Reglan is a drug that’s used primarily to help people deal with gastrointestinal problems, and it’s manufactured by Baxter Pharmaceuticals. Reglan is only available via prescription, and the drug has been under scrutiny lately from such entities as the US Food and Drug Administration (FDA), and it’s currently under review in terms of whether or not its benefits outweigh its risks when deciding whether or not it will remain on the market in the United States.
Reglan is used primarily to treat and help with two common gastrointestinal problems:
- Heartburn that is caused by gastroesophageal reflux – Reglan is especially prevalent in those who have tried other medications without success.
- Diabetic gastroparesis – This is a condition where people with diabetes deal with a slow process whereby the stomach’s contents empty into the intestines. It is associated with symptoms of nausea, vomiting and a lack of an appetite.
Reglan works by speeding up the rate at which the muscles in the upper digestive tract contract, thereby creating a process where its contents move into the intestinal tract at a faster rate.
The FDA approval process for Reglan can actually be traced back to 1985, when metoclopramide, the main active ingredient in Reglan, was approved by the FDA for medications as an active substance. Reglan was individually approved by the FDA for sale in the United States in 1999, and as is the case with any drug’s approval, it was obtained based on the results of studies performed in controlled environments.
The side effects that have been linked to Reglan are the reason that the drug and Baxter Pharmaceuticals are in their current position, as there were reports generated that prompted the FDA to take immediate action. However, there were some side effects associated with Reglan in the past that were not seen as common enough to warrant governmental involvement, and they included:
- Worsening of high blood pressure
- Neuroleptic Malignant Syndrome (NMS)
- Worsening of Parkinson’s Disease
The side effect that reached a level of prevalence that prompted the government to act was a rare condition known as Tardive Dyskinesia (TD). TD is a condition that is largely unknown at this point. Specifically, this means that scientists are still debating theories as to how it originally forms in the body and advances, and at this time there is no cure available for TD.
Symptoms of TD include a series of rapid, sometimes continuous movements of the following areas of the body:
- Mouth and face
These movements can become so severe and rapid in nature that basic daily functions of life become difficult if not impossible. For instance, if the legs are affected by TD to a severe enough degree, patients can lose the ability to walk on a regular basis. There are medications available that will mitigate the symptoms, but anyone who contracts TD faces a lifetime of stress, struggle and extreme difficulties.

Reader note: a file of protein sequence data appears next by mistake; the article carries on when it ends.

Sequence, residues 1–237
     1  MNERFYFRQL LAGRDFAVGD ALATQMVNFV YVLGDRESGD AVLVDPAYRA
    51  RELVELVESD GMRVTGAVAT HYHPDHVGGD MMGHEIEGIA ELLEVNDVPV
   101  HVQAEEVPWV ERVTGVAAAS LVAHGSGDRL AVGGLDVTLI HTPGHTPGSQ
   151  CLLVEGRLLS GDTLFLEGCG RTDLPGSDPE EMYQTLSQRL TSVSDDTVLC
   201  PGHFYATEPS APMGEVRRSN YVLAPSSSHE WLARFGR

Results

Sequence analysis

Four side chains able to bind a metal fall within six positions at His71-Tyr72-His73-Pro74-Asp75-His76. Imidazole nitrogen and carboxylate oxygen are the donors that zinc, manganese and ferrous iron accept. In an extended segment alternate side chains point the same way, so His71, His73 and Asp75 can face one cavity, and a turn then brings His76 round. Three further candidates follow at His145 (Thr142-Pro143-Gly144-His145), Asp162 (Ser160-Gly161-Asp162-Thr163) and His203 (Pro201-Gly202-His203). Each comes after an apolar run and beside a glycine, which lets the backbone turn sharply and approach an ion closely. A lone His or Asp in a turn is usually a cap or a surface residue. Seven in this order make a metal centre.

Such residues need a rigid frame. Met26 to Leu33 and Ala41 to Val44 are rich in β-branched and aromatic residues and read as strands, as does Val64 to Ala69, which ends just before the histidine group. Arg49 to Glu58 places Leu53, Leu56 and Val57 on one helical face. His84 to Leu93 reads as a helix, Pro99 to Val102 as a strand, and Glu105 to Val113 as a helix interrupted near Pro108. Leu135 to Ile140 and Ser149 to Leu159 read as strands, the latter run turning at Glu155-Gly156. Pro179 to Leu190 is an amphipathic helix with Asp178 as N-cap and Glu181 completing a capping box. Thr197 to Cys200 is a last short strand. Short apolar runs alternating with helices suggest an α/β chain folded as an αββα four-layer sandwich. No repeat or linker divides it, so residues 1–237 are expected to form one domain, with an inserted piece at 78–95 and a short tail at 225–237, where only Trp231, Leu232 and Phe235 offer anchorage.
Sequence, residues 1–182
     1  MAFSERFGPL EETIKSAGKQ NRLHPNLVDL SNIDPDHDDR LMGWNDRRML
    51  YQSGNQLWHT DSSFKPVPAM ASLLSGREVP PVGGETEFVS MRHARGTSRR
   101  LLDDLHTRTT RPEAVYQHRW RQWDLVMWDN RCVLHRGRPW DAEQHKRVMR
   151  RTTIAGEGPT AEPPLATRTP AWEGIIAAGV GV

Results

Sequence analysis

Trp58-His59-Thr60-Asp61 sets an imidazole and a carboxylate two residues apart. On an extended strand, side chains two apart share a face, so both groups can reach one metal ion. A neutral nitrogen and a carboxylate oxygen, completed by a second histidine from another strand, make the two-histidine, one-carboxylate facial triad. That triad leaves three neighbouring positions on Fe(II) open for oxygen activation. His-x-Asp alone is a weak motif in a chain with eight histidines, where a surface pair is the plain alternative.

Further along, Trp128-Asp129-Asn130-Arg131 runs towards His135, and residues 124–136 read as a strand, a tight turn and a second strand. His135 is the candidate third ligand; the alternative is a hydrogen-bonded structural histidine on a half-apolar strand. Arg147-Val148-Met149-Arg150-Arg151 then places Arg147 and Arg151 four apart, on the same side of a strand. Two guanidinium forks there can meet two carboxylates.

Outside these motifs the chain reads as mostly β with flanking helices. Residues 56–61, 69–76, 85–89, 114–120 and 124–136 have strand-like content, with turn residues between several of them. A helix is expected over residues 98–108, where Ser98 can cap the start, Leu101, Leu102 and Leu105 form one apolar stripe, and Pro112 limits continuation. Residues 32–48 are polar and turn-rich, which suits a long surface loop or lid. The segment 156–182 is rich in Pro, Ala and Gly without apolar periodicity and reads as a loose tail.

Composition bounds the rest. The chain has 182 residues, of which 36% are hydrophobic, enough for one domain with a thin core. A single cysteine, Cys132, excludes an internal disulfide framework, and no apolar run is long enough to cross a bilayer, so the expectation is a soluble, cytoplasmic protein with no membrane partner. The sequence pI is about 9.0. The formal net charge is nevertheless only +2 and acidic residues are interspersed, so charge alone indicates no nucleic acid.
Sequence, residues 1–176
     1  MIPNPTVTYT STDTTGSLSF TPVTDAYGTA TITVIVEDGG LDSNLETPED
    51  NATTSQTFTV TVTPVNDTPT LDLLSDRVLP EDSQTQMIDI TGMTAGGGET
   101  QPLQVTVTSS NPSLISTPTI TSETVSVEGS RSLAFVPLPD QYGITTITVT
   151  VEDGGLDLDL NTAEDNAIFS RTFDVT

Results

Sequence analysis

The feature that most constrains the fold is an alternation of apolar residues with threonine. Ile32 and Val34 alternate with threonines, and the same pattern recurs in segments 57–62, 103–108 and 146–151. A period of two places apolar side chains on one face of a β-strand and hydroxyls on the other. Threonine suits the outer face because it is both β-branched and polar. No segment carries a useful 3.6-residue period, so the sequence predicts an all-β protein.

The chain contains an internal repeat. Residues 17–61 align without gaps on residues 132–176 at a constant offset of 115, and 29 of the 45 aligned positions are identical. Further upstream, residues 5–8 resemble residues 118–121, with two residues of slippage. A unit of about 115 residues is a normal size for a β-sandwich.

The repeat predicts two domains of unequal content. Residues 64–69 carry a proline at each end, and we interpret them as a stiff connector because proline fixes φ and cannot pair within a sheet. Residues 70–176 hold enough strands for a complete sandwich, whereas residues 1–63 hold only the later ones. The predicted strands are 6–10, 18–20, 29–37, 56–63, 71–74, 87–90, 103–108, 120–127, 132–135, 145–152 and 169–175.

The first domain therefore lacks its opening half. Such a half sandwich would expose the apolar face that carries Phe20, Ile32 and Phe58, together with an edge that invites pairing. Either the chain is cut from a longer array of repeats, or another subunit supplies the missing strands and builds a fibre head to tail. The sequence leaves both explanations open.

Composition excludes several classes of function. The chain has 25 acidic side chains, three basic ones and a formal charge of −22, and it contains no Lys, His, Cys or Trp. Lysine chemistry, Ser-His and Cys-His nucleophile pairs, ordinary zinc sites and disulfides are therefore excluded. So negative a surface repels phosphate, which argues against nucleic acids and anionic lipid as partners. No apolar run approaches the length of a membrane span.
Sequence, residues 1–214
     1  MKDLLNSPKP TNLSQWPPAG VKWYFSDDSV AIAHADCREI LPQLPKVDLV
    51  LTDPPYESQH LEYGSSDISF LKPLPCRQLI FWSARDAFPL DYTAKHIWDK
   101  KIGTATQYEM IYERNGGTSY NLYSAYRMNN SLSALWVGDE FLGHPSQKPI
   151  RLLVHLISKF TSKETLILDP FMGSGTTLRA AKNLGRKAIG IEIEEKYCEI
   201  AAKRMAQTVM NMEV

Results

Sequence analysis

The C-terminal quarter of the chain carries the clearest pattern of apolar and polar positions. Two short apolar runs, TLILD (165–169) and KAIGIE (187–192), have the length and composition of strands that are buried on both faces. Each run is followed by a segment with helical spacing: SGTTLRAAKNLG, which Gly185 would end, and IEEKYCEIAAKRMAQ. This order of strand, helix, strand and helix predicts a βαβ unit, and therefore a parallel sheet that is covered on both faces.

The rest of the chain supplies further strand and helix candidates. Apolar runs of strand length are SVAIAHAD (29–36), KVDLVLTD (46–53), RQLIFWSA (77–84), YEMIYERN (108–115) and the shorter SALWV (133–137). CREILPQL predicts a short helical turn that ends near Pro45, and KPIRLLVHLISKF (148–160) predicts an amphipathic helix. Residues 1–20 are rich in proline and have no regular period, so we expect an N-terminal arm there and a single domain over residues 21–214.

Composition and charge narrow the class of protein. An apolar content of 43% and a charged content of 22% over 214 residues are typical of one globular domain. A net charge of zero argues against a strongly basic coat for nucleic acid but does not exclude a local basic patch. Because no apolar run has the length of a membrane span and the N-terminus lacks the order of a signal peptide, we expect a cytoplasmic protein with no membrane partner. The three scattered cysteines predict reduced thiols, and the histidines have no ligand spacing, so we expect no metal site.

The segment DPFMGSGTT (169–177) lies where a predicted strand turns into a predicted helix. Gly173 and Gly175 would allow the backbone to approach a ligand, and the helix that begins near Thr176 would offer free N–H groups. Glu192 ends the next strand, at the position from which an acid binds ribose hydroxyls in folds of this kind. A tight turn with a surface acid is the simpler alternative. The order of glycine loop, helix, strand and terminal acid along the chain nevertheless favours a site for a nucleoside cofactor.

Of the limited discoveries made in relation to Reglan, one that stands out is that those who take these medications for any period of time longer than a few weeks tend to greatly increase the risks involved with the side effects associated with Reglan.
While there was no definitive action by the FDA in relation to Reglan until recently, there were reports of some side effects with the drug. However, this is common among a majority of medications that hit the market. These side effects included:
- Exacerbation of Parkinson’s Disease
- Neuroleptic Malignant Syndrome (NMS)
- Exacerbation of high blood pressure
While some of these side effects were dangerous, they were not prevalent enough to warrant official action.
Reglan is a specialized drug, which means that there have been instances of contraindications in the past. Some of these types of medications include:
- Sleep medications
- Monoamine oxidase inhibitors (MAOIs)
- Parkinson’s Disease medications
- Diabetes medications
- Seizure medications
What prompted action by the FDA against Reglan?
The FDA acts on a reactionary basis after a drug is approved. This means that if enough reports are generated that detail a link between a medication and serious side effects, the FDA will study the issue and act accordingly.
Why did the FDA require a ‘REMS’ study?
A REMS study is a study that is meant to define if a medication’s risks are worth keeping it on the market based on the benefits it provides. A REMS can lead ultimately to a recall, but that is not always the case.
Can I file a lawsuit if I have suffered damages from taking Reglan?
Possibly. While all medications have certain, anticipated side effects, a drug manufacturer has a duty to inform physicians adequately regarding the known risks associated with its drugs. If a manufacturer fails to do so, it can be held responsible to patients who are injured as the result of inadequate warnings, under a legal theory known as “product liability.” Depending upon the particular circumstances of your case, damages may include recovery for any of the following:
- Past and future medical expenses
- Past and future pain and suffering
- Lost wages
- Loss of future earning capacity
- Emotional distress
If you or a loved one has experienced any health problems while taking Reglan, you should contact your doctor immediately. You may also wish to contact an experienced Reglan lawyer to discuss your legal options. As all legal claims are subject to time limits, however, you may risk forfeiture of your right to financial compensation if you delay.